There were 149 interns who participated in this study (Figure). Assessment/survey completion rates were as follows: 2016 control: 68.0%; 2017 preintervention: 97.9%; 2017 postintervention: 89.4%; and 2018 control: 100%. The 2017 interns reported similar amounts of prior POCUS exposure in medical school (Table 1).
Primary Outcome: Assessment Scores (HUD vs no HUD)
There were no significant differences in assessment scores at the end of the study between interns randomized to personal HUD access vs those to no-HUD access (Table 1). HUD interns reported performing POCUS assessments on patients a mean 6.8 (standard deviation [SD] 2.2) times per week vs 6.4 (SD 2.9) times per week in the no-HUD arm (P = .66). The mean lecture attendance was 75.0% and did not significantly differ between the HUD arms (Table 1).
Impact of Repeating Lectures
The 2017 interns demonstrated significant increases in preblock vs postblock assessment scores after first-time exposure to the lectures (median preblock score 0.61 [interquartile range (IQR), 0.53-0.70] vs postblock score 0.81 [IQR, 0.72-0.86]; P < .001; Table 2). However, intern performance on the preblock vs postblock assessments after second-time exposure to the curriculum failed to improve (median second preblock score 0.78 [IQR, 0.69-0.83] vs postblock score 0.81 [IQR, 0.64-0.89]; P = .94). Intern performance on individual domains of knowledge for each block is listed in Appendix Table 1.
Intervention Performance vs Controls
The 2016 historical control had significantly higher scores compared with the 2017 preintervention group (P < .001; Appendix Table 2). The year-long lecture series resulted in significant increases in median scores for the 2017 group (median preintervention score 0.55 [0.41-0.61] vs median postintervention score 0.84 [0.71-0.90]; P = .006; Appendix Table 1). At the end of the study, the 2017 postintervention scores were significantly higher across multiple knowledge domains compared with the 2016 historical control (Appendix Table 2).
Notably, the 2017 intern class at the end of the intervention did not have significantly different assessment scores for several disease-specific domains, compared with the 2016 control (Appendix Table 2). Nonetheless, the 2017 intern class reported higher levels of confidence in these same domains despite similar scores (Supplementary Figure). The HUD group seldomly cited a lack of confidence in their abilities as a barrier to performing POCUS examinations (17.6%), compared with the no-HUD group (50.0%), despite nearly identical assessment scores between the two groups (Table 1).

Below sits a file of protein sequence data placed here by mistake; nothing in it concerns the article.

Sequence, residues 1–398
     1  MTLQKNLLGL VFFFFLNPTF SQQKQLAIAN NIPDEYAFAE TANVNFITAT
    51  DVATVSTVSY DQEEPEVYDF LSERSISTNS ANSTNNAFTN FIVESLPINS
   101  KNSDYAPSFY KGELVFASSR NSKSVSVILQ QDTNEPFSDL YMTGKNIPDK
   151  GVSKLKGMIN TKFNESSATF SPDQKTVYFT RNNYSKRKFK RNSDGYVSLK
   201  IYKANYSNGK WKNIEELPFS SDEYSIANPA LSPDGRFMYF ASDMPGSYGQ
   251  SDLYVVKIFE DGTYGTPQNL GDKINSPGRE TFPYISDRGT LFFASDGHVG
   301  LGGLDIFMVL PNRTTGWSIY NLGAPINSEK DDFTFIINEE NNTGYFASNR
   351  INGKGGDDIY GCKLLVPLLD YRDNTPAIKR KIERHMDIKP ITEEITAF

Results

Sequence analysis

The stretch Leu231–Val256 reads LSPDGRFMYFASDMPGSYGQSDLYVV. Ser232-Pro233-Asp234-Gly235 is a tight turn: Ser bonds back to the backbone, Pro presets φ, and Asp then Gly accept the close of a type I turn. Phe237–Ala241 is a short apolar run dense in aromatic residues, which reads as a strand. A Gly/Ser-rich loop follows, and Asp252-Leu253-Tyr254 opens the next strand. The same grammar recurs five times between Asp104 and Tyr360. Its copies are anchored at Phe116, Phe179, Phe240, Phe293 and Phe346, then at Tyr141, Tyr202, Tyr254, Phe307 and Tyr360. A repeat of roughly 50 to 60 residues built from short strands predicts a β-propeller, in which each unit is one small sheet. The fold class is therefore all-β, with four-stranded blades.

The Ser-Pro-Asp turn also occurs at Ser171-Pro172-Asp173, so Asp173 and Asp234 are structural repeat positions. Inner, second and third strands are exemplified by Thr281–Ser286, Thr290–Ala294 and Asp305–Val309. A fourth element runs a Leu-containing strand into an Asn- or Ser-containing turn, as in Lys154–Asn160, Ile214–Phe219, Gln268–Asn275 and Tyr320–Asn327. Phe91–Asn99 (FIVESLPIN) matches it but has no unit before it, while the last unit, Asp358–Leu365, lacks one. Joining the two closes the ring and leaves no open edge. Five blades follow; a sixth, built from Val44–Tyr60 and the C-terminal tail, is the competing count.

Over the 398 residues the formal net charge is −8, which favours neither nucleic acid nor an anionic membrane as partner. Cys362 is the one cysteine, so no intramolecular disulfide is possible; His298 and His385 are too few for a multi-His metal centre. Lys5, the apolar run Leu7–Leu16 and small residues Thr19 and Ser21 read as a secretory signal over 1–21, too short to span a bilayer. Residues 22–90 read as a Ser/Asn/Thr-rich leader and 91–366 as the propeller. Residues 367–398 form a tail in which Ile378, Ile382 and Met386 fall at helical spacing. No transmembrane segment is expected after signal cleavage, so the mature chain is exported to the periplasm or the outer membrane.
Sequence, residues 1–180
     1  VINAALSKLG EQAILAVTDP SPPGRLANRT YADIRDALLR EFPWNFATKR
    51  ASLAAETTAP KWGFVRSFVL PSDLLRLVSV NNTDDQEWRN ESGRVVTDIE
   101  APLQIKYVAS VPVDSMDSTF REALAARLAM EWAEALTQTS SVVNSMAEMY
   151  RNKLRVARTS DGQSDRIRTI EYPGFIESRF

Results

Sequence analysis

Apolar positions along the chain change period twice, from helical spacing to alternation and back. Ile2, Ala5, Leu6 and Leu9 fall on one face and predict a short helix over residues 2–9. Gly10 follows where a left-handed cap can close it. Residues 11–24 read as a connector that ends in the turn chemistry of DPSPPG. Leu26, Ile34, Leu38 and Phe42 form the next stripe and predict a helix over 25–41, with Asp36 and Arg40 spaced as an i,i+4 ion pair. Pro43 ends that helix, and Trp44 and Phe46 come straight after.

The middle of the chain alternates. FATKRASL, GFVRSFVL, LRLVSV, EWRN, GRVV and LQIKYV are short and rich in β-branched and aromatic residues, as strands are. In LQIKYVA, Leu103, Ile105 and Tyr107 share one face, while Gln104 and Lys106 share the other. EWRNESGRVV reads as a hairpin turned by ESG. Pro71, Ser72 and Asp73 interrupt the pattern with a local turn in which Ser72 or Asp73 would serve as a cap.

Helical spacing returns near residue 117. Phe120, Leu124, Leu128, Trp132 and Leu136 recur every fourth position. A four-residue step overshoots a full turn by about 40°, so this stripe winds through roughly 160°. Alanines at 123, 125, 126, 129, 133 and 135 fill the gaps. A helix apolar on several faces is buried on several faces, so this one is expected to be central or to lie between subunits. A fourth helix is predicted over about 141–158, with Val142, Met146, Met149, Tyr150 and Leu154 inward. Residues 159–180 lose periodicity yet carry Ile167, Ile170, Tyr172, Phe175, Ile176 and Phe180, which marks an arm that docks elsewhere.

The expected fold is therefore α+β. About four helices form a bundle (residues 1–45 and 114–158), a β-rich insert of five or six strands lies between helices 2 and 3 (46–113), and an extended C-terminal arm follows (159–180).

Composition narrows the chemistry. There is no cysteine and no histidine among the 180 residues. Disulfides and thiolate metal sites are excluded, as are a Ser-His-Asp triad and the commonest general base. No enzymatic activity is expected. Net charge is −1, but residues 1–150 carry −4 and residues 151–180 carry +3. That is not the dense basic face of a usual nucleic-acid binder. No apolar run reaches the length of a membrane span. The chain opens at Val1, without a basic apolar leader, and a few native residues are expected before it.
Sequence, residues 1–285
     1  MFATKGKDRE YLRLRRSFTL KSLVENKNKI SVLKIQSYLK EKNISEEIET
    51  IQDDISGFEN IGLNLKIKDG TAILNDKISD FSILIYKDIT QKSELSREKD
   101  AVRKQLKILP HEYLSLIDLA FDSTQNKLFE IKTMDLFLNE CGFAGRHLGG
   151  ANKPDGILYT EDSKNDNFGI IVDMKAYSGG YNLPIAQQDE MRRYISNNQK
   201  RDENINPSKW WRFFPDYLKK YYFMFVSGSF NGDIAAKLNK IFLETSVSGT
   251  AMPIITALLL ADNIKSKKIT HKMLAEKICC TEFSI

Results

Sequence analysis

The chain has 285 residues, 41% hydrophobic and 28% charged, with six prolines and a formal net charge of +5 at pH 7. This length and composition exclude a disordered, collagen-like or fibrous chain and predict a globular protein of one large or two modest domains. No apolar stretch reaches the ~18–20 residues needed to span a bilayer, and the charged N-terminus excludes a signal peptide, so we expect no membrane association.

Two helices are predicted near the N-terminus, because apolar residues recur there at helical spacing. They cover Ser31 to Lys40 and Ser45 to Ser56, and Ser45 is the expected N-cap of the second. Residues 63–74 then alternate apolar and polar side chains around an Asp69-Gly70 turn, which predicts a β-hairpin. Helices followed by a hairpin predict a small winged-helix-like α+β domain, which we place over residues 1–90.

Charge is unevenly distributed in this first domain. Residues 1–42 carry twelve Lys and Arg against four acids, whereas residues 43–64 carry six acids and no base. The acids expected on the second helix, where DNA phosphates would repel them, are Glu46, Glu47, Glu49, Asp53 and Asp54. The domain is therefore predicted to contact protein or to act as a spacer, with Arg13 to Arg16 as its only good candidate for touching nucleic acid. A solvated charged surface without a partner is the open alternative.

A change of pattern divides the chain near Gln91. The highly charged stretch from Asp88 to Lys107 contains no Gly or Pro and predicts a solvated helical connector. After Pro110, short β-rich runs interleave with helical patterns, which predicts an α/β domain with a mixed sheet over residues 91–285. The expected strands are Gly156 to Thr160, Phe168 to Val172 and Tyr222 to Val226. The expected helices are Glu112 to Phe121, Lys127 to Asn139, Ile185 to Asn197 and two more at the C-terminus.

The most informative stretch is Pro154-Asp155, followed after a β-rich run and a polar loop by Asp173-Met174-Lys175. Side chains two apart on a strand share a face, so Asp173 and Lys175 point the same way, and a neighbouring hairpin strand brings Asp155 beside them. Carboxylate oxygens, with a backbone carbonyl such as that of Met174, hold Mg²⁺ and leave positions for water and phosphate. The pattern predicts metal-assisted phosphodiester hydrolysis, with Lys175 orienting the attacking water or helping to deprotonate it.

Previous guidelines have recommended increased HUD access for learners,13,24,35,36 but there have been few investigations that have evaluated the impact of such access on learning POCUS. One previous investigation found that hospitalists who carried HUDs were more likely to identify heart failure on bedside examination.37 In contrast, our study found no improvement in interpretative ability when randomizing interns to carry HUDs for patient care. Notably, interns did not perform more POCUS examinations when given HUDs. We offer several explanations for this finding. First, time-motion studies have demonstrated that internal medicine interns spend less than 15% of their time toward direct patient care.38 It is possible that the demands of being an intern impeded their ability to perform more POCUS examinations on their patients, regardless of HUD access. Alternatively, the interns randomized to no personal access may have used the community device more frequently as a result of the lecture series. Given the cost of HUDs, further studies are needed to assess the degree to which HUD access will improve trainee interpretive ability, especially as more training programs consider the creation of ultrasound curricula.10,11,24,39,40